by Michael Hoffman
What is a Business Valuation?
A business valuation determines the estimated market value of a business
entity. A valuation estimates the complex economic benefits that arise from
combining a group of physical assets with a group of intangible assets of
the business as a going concern. The valuation, which is part art and part
science, estimates the price that hypothetical informed buyers and sellers
would negotiate at arms length for an entire business or a partial equity
Valuation vs. Appraisal: How Do They Differ?
Valuation and appraisals are similar, but they are not interchangeable.
Most people are familiar with appraisals in their personal lives. Often times
people will have appraisals performed on a house, a car or a piece of jewelry.
The key difference between a valuation and an appraisal is that a valuation
includes both tangible and intangible assets, while an appraisal just includes
tangible or physical assets.
Business Valuation: Art or Science?
A business valuation combines quantitative financial techniques with qualitative
analysis of the business, the industry and the economic conditions in general.
Why Do a Valuation?
Lack of an Efficient Market
Despite the commonly held belief that markets are efficient, an efficient
market does not exist for privately held businesses and certain fractional
equity interests. Unlike the NYSE or the NASDAQ there is no place to buy and
sell privately held businesses aside from the business brokerage community,
which is small in scope. As a result, it is very difficult to determine what
a privately held business is worth in the marketplace. This lack of an efficient
market presents a critical need for valuation services.
The business owner needs to develop a strategy to enable him or her to obtain
value from the company when he or she decides to sell. If a potential buyer
is able to invest fewer dollars on his or her own and duplicate the seller's
business the potential buyer would obviously be better off starting a new
business than buying an existing one.
Business Valuations are Usually Performed for Five Primary Reasons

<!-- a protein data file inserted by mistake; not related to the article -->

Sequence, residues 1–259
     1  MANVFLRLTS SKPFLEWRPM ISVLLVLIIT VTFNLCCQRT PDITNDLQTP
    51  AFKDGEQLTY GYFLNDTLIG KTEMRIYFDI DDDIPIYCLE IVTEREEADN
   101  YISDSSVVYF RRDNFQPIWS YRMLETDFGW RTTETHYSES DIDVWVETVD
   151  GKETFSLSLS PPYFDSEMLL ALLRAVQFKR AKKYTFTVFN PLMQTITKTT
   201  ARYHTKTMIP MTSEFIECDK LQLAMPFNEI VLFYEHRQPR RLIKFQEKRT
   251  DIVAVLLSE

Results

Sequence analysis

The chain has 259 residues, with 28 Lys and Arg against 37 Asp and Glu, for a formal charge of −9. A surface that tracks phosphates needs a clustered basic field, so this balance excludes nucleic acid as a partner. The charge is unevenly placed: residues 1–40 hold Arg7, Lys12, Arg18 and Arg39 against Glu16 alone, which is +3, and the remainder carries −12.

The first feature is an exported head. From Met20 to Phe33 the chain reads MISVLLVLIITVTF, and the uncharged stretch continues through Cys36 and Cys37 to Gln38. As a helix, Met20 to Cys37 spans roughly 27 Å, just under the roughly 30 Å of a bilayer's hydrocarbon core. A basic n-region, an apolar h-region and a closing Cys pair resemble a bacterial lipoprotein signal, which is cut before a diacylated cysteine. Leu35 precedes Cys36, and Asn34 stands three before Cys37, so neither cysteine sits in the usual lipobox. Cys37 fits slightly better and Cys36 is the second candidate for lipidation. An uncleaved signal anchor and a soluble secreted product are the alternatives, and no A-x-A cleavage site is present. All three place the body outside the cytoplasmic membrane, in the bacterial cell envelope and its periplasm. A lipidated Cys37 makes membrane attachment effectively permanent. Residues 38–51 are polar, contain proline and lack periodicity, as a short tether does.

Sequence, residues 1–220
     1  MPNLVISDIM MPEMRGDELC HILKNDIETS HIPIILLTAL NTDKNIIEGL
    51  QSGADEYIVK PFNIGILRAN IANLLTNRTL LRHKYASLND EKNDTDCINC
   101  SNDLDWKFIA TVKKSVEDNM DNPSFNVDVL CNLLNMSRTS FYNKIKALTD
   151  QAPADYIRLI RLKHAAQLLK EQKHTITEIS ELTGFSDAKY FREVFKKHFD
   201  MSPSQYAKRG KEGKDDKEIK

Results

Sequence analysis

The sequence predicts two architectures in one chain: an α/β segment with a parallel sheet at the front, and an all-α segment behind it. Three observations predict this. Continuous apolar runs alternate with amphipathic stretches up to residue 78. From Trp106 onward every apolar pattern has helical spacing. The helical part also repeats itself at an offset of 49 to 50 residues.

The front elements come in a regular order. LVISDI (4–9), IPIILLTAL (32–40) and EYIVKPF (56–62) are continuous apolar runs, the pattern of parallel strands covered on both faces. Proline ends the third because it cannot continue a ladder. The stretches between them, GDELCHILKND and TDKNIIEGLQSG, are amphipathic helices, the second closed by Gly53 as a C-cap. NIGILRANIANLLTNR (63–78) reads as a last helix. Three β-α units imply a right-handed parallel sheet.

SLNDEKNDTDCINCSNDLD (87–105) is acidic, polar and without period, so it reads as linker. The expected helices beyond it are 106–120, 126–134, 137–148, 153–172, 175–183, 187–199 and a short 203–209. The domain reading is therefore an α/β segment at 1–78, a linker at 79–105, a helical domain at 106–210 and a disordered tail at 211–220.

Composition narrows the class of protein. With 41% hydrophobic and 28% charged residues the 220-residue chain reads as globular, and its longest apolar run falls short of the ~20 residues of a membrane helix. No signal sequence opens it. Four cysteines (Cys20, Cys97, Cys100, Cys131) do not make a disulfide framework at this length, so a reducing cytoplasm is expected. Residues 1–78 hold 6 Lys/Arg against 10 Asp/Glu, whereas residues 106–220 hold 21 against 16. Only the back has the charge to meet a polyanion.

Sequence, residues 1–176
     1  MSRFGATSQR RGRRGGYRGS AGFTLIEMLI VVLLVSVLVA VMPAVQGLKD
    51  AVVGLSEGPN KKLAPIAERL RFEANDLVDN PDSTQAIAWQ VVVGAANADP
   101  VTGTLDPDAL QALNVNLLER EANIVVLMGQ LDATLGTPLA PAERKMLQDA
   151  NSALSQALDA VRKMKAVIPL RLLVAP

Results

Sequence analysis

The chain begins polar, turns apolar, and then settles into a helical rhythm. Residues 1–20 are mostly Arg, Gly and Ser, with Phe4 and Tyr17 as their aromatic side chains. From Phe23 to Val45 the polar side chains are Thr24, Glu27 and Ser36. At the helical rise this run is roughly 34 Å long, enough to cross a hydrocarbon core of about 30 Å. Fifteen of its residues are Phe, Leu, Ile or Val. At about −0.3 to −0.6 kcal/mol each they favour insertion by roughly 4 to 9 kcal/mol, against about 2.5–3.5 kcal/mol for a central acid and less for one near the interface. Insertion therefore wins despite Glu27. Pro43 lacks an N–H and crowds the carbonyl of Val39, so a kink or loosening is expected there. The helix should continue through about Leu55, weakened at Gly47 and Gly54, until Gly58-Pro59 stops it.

- To establish a price for a transaction
- Business planning
- Attract capital
- Aid in estate and gift planning
- Meet governmental requirements
Establishing a Price for a Transaction
Valuations help business owners in the sale of a business by determining a
reasonable asking price. A valuation can also be used in a merger/acquisition
transaction as a due diligence consideration.
Often times a valuation can help business owners negotiate buy/sell agreements.
A sound valuation can become part of the actual buy/sell agreement. A valuation
that is prepared prior to the occurrence of a liquidation event can save both
time and money.
Business owners can also use a business valuation as one of the cornerstones
of a long-term financial plan to enhance the value of their business. Business
owners often use management consulting to improve strategies and tactics through
a particular function (e.g., marketing, operations.) Business valuation consulting
focuses on how strategies and tactics create value for business owners.
Valuations are often an important part of obtaining debt or equity financing.
Estate and Gift Planning
If an interest in a closely held company is material to a person's net worth
a valuation of that investment should be an integral part of the person's
estate planning. When a person dies a posthumous valuation of a closely held
business is often done as part of the estate's tax return. These valuations
are important because the IRS audits most estate tax returns even if the value
of the closely held business is of modest value.
Also, if an owner of a closely held business wants to make a charitable
gift of a business interest the IRS requires a valuation.
The IRS requires a valuation for employee stock ownership plans (ESOP's) and
in conjunction with the conversion of a C corporation to an S corporation.
Many states also require valuations in divorce proceedings or minority shareholder
The Components of a Business Valuation
IRS Revenue Ruling 59-60 states that valuations should address the following
- The nature and history of the business
- The general economic outlook and the conditions of the specific industry
- The book value of the stock
- The financial condition of the company